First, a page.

Sanctuary for the suicidal

Sanctuary for the suicidal

One mother's story of how London charity Maytree helped her son with his depression
A roller-coaster tale from the 'voice of a generation'

Not That Kind of Girl:

A roller-coaster tale from 'voice of a generation' Lena Dunham
London is not bedlam or a cradle of vice. In fact it, as much as anywhere, deserves independence

London is not bedlam or a cradle of vice

In fact it, as much as anywhere, deserves independence
Vivienne Westwood 'didn’t want' relationship with Malcolm McLaren

Vivienne Westwood 'didn’t want' relationship with McLaren

Designer 'felt pressured' into going out with Sex Pistols manager
Jourdan Dunn: Model mother

Model mother

Jordan Dunn became one of the best-paid models in the world
Apple still coolest brand – despite U2 PR disaster

Apple still the coolest brand

Despite PR disaster of free U2 album
Scottish referendum: The Yes vote was the love that dared speak its name, but it was not to be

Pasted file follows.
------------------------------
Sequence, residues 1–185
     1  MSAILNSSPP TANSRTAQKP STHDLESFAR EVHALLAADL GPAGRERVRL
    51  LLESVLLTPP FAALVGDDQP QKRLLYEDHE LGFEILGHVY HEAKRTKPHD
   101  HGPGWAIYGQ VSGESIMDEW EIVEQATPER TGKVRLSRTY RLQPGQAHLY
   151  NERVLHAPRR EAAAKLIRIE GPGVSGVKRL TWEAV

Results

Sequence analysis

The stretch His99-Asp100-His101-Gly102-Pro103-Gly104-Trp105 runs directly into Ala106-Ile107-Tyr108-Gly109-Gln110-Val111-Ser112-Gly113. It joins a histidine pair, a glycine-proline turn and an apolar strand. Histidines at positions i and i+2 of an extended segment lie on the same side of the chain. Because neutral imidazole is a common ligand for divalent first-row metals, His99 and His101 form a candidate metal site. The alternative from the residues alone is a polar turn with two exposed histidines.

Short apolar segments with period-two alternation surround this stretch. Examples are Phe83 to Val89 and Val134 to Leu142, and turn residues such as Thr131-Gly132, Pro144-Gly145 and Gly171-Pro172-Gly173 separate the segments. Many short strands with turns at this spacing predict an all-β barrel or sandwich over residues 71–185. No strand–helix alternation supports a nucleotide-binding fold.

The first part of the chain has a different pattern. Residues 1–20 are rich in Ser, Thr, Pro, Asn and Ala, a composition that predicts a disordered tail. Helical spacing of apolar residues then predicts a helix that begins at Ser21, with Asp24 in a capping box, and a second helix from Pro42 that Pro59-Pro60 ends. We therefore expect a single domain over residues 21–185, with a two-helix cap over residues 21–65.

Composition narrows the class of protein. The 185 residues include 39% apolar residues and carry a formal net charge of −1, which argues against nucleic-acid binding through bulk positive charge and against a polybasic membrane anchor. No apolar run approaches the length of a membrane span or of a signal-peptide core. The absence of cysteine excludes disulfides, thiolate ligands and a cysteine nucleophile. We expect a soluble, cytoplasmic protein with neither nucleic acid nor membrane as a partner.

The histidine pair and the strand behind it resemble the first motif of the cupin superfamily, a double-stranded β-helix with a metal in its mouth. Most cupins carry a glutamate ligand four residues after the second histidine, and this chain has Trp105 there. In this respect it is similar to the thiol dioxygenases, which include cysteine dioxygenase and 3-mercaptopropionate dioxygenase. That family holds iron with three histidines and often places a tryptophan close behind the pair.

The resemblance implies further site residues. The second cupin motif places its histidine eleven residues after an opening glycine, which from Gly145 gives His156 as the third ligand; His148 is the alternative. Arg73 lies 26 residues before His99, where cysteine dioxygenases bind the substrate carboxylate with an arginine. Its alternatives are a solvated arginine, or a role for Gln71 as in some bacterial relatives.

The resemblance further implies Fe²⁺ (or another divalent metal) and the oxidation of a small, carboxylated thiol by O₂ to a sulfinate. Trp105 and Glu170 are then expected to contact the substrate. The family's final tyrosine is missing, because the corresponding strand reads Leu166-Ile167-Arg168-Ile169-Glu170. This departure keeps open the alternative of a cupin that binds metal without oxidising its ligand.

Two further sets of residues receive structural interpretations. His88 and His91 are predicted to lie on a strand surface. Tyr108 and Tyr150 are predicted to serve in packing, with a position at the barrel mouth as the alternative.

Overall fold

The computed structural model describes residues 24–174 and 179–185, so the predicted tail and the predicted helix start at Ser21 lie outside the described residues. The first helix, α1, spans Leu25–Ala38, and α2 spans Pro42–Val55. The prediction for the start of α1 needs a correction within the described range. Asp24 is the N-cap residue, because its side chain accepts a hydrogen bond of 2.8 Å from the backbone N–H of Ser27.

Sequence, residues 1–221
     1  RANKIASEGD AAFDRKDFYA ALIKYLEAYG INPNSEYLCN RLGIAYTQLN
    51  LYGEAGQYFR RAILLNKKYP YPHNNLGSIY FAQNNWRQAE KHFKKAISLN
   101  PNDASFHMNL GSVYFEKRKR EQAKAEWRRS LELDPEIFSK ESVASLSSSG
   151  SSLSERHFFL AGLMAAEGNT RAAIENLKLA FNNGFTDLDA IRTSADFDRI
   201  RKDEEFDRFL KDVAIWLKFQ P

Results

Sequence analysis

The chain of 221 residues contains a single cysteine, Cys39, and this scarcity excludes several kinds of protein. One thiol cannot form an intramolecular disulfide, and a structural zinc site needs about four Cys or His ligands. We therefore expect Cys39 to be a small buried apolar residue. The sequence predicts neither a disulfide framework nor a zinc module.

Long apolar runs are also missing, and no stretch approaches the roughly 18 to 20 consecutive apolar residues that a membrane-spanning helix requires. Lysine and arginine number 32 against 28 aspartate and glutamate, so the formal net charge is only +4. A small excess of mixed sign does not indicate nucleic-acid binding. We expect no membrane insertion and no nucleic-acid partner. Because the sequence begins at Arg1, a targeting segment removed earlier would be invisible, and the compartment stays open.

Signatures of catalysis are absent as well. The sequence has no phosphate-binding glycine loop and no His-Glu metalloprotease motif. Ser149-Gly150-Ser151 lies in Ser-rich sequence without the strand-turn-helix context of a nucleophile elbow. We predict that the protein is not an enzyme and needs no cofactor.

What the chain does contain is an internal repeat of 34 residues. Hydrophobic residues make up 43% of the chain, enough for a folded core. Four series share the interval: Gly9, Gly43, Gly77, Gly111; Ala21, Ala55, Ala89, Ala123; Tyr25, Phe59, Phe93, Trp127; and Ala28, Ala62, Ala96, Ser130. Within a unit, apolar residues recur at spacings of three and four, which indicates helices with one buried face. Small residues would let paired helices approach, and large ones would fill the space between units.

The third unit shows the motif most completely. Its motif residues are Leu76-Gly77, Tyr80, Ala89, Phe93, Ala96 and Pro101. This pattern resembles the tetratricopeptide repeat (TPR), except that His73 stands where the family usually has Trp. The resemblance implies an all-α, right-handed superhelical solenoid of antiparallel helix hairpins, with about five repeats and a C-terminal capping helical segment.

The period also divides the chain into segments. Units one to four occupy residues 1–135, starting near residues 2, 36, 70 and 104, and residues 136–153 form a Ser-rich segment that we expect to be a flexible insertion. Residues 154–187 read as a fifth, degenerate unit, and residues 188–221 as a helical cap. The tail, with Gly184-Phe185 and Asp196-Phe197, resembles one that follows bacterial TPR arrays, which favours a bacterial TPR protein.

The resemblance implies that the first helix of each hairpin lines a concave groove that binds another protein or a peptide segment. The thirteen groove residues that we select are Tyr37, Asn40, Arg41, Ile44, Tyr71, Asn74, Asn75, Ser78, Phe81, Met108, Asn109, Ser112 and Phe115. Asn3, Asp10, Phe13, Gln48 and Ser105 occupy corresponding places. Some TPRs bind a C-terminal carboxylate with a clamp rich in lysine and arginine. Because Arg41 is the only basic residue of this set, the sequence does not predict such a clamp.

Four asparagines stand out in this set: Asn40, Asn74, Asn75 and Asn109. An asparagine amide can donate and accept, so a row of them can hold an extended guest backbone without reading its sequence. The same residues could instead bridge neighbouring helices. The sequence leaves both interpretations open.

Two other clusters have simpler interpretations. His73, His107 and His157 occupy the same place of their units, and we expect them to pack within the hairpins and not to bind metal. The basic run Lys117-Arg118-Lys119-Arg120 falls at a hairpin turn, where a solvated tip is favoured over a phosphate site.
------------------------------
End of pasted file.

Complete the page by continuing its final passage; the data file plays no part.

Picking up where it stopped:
Despite the result, this is the end of the status quo

Boyd Tonkin on the fall-out from the Scottish referendum
Manolo Blahnik: The high priest of heels talks flats, Englishness, and why he loves Mary Beard

Manolo Blahnik: Flats, Englishness, and Mary Beard

The shoe designer who has been dubbed 'the patron saint of the stiletto'
The Beatles biographer reveals exclusive original manuscripts of some of the best pop songs ever written

Scrambled eggs and LSD

Behind The Beatles' lyrics - thanks to Hunter Davis's original manuscript copies
'Normcore' fashion: Blending in is the new standing out in latest catwalk non-trend

'Normcore': Blending in is the new standing out

Just when fashion was in grave danger of running out of trends, it only went and invented the non-trend. Rebecca Gonsalves investigates
Dance’s new leading ladies fight back: How female vocalists are now writing their own hits

New leading ladies of dance fight back

How female vocalists are now writing their own hits